March 13, 2005
PROJECT MANAGEMENT: Clients Behaving Badly
Whether developing courses in-house or out, all of us have clients to satisfy - managers, deans, SMEs, faculty, learners, etc. - and a lot of time and energy in project management is spent on coming up with paradigms for avoiding problems and increasing client satisfaction ... as well as smoothing the inevitable bumps that occur when a client makes seemingly irrational demands or otherwise appears to be somewhat less than cooperative.
Of course, these paradigms can be very useful. And in many cases, following advice like "treat in-house clients like customers," "manage your client expectations," "clearly specify deliverables," and "focus on process, not personality" is essential in ensuring that you meet your targets for time, budget, scope, and course quality with a maximum of client satisfaction and a minimum of bloodshed.
But all of these paradigms and most of this advice have one thing in common: they assume that your client is, at bottom, a reasonable person with a vested interest in getting the work done.
Unfortunately, this isn't always the case.
Don't get me wrong, the vast majority of clients are rational and cooperative when the project manager does a good job of communicating expectations and status and of specifying deliverables, requirements, and conditions. A few are even a dream to work with. And there are plenty of occasions when, if you diagnose the reason behind a client's seemingly bad behavior, you find that the problem boils down to mistakes on your side - the most common being faulty communication on the part of the project manager or others on the course development team.
But there are also clients who are nearly impossible to work with.
There are staff who, annoyed that management has decided to outsource an important project, will do anything they can to undermine and subvert a vendor's work. Something similar can happen to in-house staff where internal politics or rival departments are involved. There are SMEs and managers who see development staff as convenient scapegoats or slave labor. There are managers who refuse to honor their obligations in a contract - adopting a "go ahead and sue me" attitude. There are managers who initiate a project, get staff and/or vendors working on it, and then lose interest, leaving the development team twisting in the wind.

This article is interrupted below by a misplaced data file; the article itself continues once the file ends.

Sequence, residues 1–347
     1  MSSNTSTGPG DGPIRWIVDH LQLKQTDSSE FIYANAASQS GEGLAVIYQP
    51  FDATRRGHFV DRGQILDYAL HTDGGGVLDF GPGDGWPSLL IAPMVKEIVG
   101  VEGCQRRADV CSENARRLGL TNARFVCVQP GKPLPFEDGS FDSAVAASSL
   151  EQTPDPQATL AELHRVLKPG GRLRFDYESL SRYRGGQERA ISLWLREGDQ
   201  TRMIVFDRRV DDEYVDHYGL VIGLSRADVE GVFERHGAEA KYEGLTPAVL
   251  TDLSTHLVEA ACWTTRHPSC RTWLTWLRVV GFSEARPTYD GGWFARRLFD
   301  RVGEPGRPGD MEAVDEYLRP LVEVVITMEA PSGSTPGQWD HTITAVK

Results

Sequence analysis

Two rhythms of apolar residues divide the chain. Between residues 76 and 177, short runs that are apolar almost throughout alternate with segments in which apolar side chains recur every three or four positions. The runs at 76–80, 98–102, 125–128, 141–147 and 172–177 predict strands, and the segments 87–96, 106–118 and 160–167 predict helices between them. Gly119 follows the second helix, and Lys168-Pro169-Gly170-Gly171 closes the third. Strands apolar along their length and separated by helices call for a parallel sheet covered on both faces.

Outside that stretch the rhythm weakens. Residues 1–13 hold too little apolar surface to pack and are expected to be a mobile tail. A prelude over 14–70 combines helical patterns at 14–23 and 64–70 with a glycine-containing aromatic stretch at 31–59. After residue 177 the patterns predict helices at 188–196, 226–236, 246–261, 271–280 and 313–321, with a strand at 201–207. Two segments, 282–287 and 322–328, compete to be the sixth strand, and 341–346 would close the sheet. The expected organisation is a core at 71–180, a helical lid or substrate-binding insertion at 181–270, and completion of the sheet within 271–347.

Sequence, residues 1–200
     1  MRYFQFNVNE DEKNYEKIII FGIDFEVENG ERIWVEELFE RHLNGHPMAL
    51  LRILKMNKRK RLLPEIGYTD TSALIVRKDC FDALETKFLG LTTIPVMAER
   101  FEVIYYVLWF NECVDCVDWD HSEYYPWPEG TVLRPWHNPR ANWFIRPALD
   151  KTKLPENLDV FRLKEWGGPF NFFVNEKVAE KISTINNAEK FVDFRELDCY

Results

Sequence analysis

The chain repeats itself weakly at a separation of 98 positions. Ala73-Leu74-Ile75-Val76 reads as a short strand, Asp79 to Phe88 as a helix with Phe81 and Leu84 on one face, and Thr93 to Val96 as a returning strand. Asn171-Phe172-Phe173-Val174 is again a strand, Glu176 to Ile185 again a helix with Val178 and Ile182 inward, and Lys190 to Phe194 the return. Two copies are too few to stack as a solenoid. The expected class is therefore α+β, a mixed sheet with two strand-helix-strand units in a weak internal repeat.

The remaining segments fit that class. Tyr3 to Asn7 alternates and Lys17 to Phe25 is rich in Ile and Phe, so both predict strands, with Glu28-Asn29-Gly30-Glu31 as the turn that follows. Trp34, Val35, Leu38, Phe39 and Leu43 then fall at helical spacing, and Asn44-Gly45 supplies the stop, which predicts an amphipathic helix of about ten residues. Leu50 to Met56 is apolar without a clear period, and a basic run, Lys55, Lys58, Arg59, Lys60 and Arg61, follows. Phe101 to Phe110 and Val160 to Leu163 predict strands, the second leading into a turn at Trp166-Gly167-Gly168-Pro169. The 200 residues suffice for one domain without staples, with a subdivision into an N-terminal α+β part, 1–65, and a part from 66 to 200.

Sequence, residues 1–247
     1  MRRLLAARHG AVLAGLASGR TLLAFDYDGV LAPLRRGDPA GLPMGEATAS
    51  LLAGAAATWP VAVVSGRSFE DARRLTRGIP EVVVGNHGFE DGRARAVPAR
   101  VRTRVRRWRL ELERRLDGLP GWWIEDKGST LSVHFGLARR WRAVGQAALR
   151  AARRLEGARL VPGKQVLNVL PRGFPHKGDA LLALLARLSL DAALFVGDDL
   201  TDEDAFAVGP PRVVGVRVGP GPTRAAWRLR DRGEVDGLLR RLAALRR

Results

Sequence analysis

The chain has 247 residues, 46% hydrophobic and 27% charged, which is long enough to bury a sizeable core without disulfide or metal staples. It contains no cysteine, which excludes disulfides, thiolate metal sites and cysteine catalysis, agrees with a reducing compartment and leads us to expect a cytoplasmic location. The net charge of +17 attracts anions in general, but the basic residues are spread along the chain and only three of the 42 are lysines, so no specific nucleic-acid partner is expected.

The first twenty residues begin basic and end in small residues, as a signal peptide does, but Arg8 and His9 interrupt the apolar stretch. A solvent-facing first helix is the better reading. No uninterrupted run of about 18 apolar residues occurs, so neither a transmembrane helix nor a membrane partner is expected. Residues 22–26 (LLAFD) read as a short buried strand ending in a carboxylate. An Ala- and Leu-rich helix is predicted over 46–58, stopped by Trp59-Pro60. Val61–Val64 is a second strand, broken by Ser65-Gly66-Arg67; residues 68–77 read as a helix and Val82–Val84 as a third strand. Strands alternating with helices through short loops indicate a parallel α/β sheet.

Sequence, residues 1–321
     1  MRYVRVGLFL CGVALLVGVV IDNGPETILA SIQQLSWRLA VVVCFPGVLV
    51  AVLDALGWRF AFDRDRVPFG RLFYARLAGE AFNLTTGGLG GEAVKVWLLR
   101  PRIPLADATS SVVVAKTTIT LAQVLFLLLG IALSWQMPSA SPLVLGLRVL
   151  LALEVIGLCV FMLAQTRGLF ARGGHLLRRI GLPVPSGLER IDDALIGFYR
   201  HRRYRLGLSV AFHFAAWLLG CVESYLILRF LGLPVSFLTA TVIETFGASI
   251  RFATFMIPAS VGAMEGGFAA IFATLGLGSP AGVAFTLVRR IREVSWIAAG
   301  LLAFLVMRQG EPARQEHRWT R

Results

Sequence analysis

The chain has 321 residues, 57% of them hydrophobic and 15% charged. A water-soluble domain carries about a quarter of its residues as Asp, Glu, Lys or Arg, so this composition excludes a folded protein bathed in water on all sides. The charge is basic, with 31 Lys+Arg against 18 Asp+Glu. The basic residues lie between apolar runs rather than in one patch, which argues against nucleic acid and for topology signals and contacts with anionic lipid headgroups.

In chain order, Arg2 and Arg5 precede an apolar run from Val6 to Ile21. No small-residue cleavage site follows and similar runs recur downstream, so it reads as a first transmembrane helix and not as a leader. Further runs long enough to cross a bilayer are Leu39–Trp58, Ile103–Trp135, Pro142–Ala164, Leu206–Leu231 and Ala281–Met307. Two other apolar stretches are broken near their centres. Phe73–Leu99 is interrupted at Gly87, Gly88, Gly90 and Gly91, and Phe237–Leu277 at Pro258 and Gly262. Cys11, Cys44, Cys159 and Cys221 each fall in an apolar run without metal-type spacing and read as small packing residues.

And there are people who are just plain rude.
While it might seem that vendors, contractors, and freelancers are most vulnerable, there are actually a few things they can do to keep from being terrorized by these clients behaving badly, since they can usually design a contract that has a built-in "exit strategy" ... get some money up front, tie payments to deliverables, have a termination clause, avoid "scope creep," and be sure to hold some assets back until payment is received. And, most important, they can decide never to work with that client again.
These luxuries are generally not available to in-house staff, who can become totally demoralized by repeated exposure to these types of internal clients if they don't have decent management support as a backstop. If the anecdotal evidence of students and colleagues is any indication, staff in this position generally adopt the same strategy: stay out of the line of fire, do as little real work as possible, get really good at playing Minesweeper, and check the want ads every day.
Of course, these types of clients can be found in any type of endeavor - not just online course development - and learning to deal with unreasonable people could be seen as just another sadly important life skill. And, luckily, for most of us, this type of client is the exception and not the rule.
While it's hard not to be cynical after encountering such a client, your best bet at the end of the day is probably just to treat it as you would any other bad relationship: Get out as soon as possible and without too many scars, lick your wounds, move on, and try not to let the experience sour your future relationships.
March 06, 2005
TECHNOLOGIES: Podcasting & the "Radio Revolution"
Interesting article in BusinessWeek Online about podcasting and other digital forms of audio broadcasting as a threat to traditional commercial airwaves.
It took me a while to start paying attention to this technology... and podcasting is a term that confused me at first, since I immediately assumed it had something to do with real-time audio broadcasting. I suppose this reflects my own bias again time-shifting for any purposes other than work and class... While I record all of my virtual classroom sessions for students who want to review them or who are participating in classes asynchronously, I'm not much for recording or downloading anything for entertainment purposes only (I don't own an iPod, and I don't even need one hand to count the number of times in the last year that I've had any desire to record anything I might miss on TV).
For those who are still confused about the terminology, basically, "podcasting" is a way of distributing audio files through RSS feeds. "Podcasters" create audio files for download to digital players and prepare them for syndication. Using an aggregator, users subscribe to particular podcasts, and the feeds they subscribe to download to their iPods automatically when they connect to the Internet. (You can learn more about what edubloggers have been saying about podcasting on Stephen Downes's Edu_RSS search page for podcasting.)
(article link via slashdot)